Forget about this idea, as you can see there's alot of problems with it...
But one of my main question and concern is; how will this affect the people who are allergic to fungus? before introducing something that we will be in such close contact for such a long time.

written by Geoffrey, August 26, 2012
I'm thinking this is a great product,.. especially as I have been trying to think of ways to make good non toxic insulation for a long time with cellulose, and this one sounds especially good. I would recommend treating it with boric acid which makes cellulose repel water as well as fighting insects and mold. If the basic material is made from wood chips treated with a fungi that binds them together, perhaps adding some lighter woods or introducing a fluffing agent into the cellulose would increase the r-value,... but I think 3 is fine especially if one can double the thickness.
written by Geoffrey, August 26, 2012
To reiterate the reasons why allergies should not be a major factor, The fungi has been killed and de-spored. Allergies to mushrooms or fungi are most evident when eaten.... One would not be in close contact with the fungi. It would be inside a wall. Since we are surrounded by millions of different kinds of fungi anyway which can grow from spores almost anywhere that temp and viagra buy humidity conditions are just right, one can hardly expect to isolate oneself from fungi. Bread, cheese, and beer are made from fungi, and topsoil has a significant amount of its weight contributed to by several thousand different species of fungi in any particular sample. so Jenny and and the other young lady may consider moving to another planet! Polyurethanes, in contrast, are extremely toxic to some people ( outgasing formaldehyde ),.. they also serve as an excellent growth medium for black mold ( which has very toxic exudates and spores, and mice and squirrels are attracted to the smell of polyU and love to eat polyU foam rubber for instance, and probably PolyU treated structural panels.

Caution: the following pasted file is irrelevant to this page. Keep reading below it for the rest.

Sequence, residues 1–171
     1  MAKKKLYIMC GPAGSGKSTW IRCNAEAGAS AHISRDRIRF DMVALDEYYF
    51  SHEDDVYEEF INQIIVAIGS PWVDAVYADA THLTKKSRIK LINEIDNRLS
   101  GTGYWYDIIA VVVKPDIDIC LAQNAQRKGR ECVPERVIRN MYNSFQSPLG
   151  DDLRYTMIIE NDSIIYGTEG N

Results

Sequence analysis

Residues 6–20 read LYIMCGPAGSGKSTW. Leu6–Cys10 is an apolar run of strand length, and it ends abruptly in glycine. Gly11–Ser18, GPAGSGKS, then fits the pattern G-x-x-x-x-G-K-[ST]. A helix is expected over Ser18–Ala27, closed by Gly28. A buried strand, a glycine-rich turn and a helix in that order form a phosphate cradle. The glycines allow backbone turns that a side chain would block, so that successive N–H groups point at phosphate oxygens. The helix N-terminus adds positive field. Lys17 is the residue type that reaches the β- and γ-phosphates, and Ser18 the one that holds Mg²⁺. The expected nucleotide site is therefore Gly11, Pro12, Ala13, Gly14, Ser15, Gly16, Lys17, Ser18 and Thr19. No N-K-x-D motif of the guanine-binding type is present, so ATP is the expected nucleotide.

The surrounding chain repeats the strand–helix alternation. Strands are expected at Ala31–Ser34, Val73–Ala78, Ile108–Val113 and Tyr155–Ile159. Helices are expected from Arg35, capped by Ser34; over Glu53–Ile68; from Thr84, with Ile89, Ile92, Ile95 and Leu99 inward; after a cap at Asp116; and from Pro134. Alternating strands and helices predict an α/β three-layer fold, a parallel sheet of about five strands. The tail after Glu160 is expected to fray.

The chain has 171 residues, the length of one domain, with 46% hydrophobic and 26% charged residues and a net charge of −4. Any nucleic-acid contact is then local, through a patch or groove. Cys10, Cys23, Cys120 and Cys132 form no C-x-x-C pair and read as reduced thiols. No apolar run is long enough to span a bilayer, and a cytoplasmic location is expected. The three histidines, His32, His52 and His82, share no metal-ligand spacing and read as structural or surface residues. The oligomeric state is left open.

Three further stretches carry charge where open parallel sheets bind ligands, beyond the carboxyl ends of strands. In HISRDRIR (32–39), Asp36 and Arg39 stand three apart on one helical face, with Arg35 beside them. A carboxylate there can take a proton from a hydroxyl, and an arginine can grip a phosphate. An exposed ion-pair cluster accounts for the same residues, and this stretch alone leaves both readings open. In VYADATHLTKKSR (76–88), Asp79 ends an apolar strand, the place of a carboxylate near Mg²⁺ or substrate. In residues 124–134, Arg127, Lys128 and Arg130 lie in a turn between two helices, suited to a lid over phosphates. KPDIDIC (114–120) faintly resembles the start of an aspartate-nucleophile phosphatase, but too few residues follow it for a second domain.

written by arun, January 06, 2014
Am thinking this type of packing materials are highly impact to the people and it makes allergic. Even though the cost is lower, this cannot be used to shipping the generic propecia for sale commodity goods.

written by James, February 17, 2014
However before shipping it should be examined properly when it is used to insulate commodity products.